Bands arrive at contest season

By Bob Buckel | Published Saturday, October 19, 2013
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Three Wise County bands will compete in UIL Regional Marching Contest today, with a trip to area contest on the line.

Boyd will march at 10:15 a.m. at the Collins Athletic Complex in Denton. At 10:45, the Alvord band is due to perform, and at 11:45 Paradise will take the field.

Paradise is the last of nine bands to perform in the morning. Judges will announce the ratings shortly after they finish, and bands earning a 1 will advance to area contest, to be held at the same stadium the following Saturday, Oct. 26.

Bands are judged on tone, musicianship and marching execution, as well as how they integrate those components into a visual and musical presentation. Their show must be between five and eight minutes.


The Yellowjacket Marching Band show this year is themed around Modest Mussorgsky’s “Pictures at an Exhibition” – a 19th-century Russian composer’s imaginary tour of an art exhibit.

Josh McDaniel is in his first year at the helm of the Boyd band, with assistance from Billy Hazard and Chris Barron.

With 33 kids marching, Boyd is one of the smaller 2A groups.

“They’ve worked really, really hard,” McDaniel said. “We started the year with a lot of excitement, and we still have a lot of excitement. We have good student leaders who are juniors and seniors, and they’ve put a lot of effort into it. They’ve done extremely well so far.”

McDaniel said the band is heavy on clarinets this year and light on brass, especially low brass. That instrumentation influences the choice of music.

“We could probably stand a few more trumpets, but overall, it’s pretty balanced for the size band we have,” he said.

The show opens with a trumpet solo by an eighth grader – one of six in the high school band.

“It’s a very nice, clean trumpet solo,” he said. “We’ve got six eighth graders marching with us, who are really good players. We’ve got a really good crop of eighth graders who will be coming up next year.”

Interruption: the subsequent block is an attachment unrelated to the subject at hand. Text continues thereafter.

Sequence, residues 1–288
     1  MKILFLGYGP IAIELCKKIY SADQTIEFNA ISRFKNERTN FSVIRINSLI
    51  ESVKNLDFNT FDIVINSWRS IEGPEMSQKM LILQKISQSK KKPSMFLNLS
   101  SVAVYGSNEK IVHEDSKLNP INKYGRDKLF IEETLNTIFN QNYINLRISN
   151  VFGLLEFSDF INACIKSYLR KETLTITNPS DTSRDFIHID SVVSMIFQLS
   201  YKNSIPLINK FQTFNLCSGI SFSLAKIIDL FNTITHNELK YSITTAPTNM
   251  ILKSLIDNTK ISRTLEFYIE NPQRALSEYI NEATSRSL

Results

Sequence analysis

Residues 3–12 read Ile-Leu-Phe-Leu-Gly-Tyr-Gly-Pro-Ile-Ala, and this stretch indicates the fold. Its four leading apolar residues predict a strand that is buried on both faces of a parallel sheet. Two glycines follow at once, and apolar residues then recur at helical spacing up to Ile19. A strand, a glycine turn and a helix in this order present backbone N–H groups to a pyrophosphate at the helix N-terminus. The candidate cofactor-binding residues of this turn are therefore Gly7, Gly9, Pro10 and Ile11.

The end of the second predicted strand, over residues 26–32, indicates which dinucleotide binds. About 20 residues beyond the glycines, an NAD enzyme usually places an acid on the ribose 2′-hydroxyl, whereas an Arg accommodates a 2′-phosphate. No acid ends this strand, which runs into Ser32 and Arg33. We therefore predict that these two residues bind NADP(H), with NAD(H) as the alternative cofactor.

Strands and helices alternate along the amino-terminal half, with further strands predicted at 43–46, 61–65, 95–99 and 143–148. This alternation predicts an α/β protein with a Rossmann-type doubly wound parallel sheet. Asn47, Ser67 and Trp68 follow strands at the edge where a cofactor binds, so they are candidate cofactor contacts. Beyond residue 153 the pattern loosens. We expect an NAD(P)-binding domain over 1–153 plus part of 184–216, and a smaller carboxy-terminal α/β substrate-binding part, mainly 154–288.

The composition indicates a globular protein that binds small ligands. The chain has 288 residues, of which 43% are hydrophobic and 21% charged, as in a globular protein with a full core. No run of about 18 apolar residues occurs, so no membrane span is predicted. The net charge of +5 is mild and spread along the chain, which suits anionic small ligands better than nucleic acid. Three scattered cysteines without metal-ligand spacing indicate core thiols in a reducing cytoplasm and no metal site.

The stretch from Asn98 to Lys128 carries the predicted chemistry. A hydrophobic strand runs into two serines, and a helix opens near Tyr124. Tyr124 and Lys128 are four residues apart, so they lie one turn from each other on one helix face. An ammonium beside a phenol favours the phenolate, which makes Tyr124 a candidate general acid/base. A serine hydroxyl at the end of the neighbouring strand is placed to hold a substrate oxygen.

McDaniel said the show has fewer “sets” than many groups, but the songs are short and the visual effects – including four colorguard performers – keep things moving.

“Our kids are getting better every week, and we get great community support,” McDaniel said.


The Alvord Bulldog Band competed at the varsity level for the first time last year and earned a 1 – a superior rating – in a non-state year. Third-year director Barry Janicula is looking for a repeat of that rating and a trip to the Area round this year.

The show is also designed around Russian music – a theme that spills over to the flags and the guard costumes. Pieces include the “Russian Sailors Dance,” a tune called “Minka, Minka” and “March Slav.”

Alvord marches 32 kids – also one of the smaller 2A programs. With a strong eighth-grade program, Janicula said he has debated whether to march the younger kids to boost the size of the band. So far, he’s sticking with the high schoolers.

At the younger grades, Janicula said he focuses on rhythm, letting them learn how to play their instrument – and encourages them to stick with band once they enter high school.

“My approach is that I would rather have a clean, good-sounding small band than a big sloppy band,” he said. “We don’t have a lot of numbers, but every kid knows what they’re doing and can play their instrument, which is my goal.”

Right now the band is heavy on percussion, but lacking in brass – particularly low brass.

“We have a great flute sound but only a couple of clarinets,” Janicula said. “Next year we’ll probably have about seven or eight clarinets. They come in waves, so what’s a problem this year will be a strength next year.”

They currently have six students in the colorguard, which started last year. Janicula has no assistant band director, but he does hire contracted people who come in and work with percussion and the colorguard.

“Hopefully one of these days I’ll get a full-time assistant,” he said. “I’m very fortunate to have these contracted services coming in.

“We’ve seen improvement,” he said. “We’re on the right track.”

Paradise band director Bill Altz could not be reached for comment.

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